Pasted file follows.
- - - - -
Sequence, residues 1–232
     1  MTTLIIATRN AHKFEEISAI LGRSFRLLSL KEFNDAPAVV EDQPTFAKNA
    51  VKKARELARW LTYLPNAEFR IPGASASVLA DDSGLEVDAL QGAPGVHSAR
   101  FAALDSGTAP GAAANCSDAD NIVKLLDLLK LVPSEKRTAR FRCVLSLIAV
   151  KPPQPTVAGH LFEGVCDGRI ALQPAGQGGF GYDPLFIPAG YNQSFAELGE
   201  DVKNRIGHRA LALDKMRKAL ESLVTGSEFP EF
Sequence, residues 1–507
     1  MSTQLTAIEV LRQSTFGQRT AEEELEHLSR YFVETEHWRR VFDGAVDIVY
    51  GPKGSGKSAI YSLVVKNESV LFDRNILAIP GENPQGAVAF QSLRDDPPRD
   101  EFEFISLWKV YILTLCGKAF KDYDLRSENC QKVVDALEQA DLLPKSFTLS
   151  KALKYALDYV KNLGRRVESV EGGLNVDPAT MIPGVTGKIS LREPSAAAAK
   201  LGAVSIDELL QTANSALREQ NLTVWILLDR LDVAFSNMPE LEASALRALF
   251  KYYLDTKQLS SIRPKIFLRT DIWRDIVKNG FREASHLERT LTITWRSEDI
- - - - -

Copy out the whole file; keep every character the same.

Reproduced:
Sequence, residues 1–232
     1  MTTLIIATRN AHKFEEISAI LGRSFRLLSL KEFNDAPAVV EDQPTFAKNA
    51  VKKARELARW LTYLPNAEFR IPGASASVLA DDSGLEVDAL QGAPGVHSAR
   101  FAALDSGTAP GAAANCSDAD NIVKLLDLLK LVPSEKRTAR FRCVLSLIAV
   151  KPPQPTVAGH LFEGVCDGRI ALQPAGQGGF GYDPLFIPAG YNQSFAELGE
   201  DVKNRIGHRA LALDKMRKAL ESLVTGSEFP EF
Sequence, residues 1–507
     1  MSTQLTAIEV LRQSTFGQRT AEEELEHLSR YFVETEHWRR VFDGAVDIVY
    51  GPKGSGKSAI YSLVVKNESV LFDRNILAIP GENPQGAVAF QSLRDDPPRD
   101  EFEFISLWKV YILTLCGKAF KDYDLRSENC QKVVDALEQA DLLPKSFTLS
   151  KALKYALDYV KNLGRRVESV EGGLNVDPAT MIPGVTGKIS LREPSAAAAK
   201  LGAVSIDELL QTANSALREQ NLTVWILLDR LDVAFSNMPE LEASALRALF
   251  KYYLDTKQLS SIRPKIFLRT DIWRDIVKNG FREASHLERT LTITWRSEDI